We are rapidly approaching the inflection point for the next generation of healthcare. Our journey toward the concept of P4 (Predictive, Preventive, Personalized and Participatory) medicine requires rethinking of the overarching technology, interoperability, processes and people that will need to be in place to support outcomes-focused care.
While a formidable undertaking, the good news is that we already have many of the foundational elements, such as electronic health records, clinical information systems and CPOE systems, in place, or at least on the drawing board for deployment. Following the passage of the HITECH Act, much of the focus in the healthcare community centered on the deployment of foundational health information technologies as organizations work toward satisfying the requirements of meaningful use. The implementation of such technologies has enabled us to automate baseline functions and begin to develop and track enterprise quality standards. As with any kind of major transformation, however, just because we've taken the first step doesn't mean that we'll continue to move forward.
The next phase of our journey, and I would say, the first critical step on the road to P4 medicine, is to focus on the fuel that will propel us toward transformation - in this case it's data, liquid data. The amount of data that today’s healthcare systems are gathering is staggering. However, it does little to advance care if it remains isolated in information silos of old. In other words, today, we have the raw data, but it remains largely frozen.
On the road to personalized medicine and improved population health, our next milestones include the ability to assess performance/outcomes, clinical effectiveness and comparative effectiveness. As important is widespread secondary use of health data to improve outcomes as well as externally to advance new treatments and overall population health. Liquid data is essential to achieving each of these goals.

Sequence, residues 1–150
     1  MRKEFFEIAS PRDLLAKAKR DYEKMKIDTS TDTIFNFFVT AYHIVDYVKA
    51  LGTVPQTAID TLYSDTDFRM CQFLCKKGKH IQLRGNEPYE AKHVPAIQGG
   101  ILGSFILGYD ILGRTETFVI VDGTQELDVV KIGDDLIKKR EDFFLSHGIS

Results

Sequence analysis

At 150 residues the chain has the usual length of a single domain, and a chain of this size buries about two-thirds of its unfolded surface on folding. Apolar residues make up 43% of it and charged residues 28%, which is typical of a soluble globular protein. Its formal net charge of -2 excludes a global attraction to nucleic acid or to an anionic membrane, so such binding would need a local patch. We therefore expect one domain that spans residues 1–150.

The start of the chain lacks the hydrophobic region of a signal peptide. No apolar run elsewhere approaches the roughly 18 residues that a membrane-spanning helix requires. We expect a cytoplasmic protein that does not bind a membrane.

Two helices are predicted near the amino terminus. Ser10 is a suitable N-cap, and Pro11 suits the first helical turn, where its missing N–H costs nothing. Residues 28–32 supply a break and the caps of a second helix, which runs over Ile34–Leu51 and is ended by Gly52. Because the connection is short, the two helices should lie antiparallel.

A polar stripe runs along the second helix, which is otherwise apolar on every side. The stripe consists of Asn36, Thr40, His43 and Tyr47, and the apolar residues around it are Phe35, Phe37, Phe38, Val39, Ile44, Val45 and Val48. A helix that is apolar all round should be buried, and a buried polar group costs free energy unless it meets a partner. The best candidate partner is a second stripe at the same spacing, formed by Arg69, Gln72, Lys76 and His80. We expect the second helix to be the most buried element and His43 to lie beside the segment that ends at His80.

In the simplest terms, liquid data is information that can flow to where it's needed in a form that can be easily accessed, is semantically interoperable and has the ability to be acted upon. It requires trusted access, exchange and the ability to recombine data to drive new insight. Sounds simple enough, but we've faced some hefty roadblocks along the way, including competition among those providing and consuming healthcare information that has led to data lock-in.
To get liquid, healthcare must strongly consider four foundational tenets when evaluating solutions:
- Open Standards
The key enabling technology to achieve the liquidity is interoperative information exchange that will aggregate and normalize data from core transactional systems, and enable healthcare providers and researchers to act on it. In today's multi-vendor environments, integration standards and repeatable processes are critical to providing adequate data management capabilities. A COTS approach helps to ensure more rapid implementation as well as a less expensive path forward as best practices improve.
Building the right infrastructure to support data collection, integration and transformation is essential to enabling new insight and accelerating our journey to highly effective and efficient personalized care. Once we've achieved an integrated health platform, the possibilities for achieving predictive, preventive, personalized and participatory care, and the many benefits it affords, will begin to unfold before us. As participants in healthcare - consumers, providers, payers and partners - it is our responsibility to ensure we are building a sustainable system to improve outcomes and lower costs. Otherwise, the opportunity to demonstrably improve healthcare may be lost.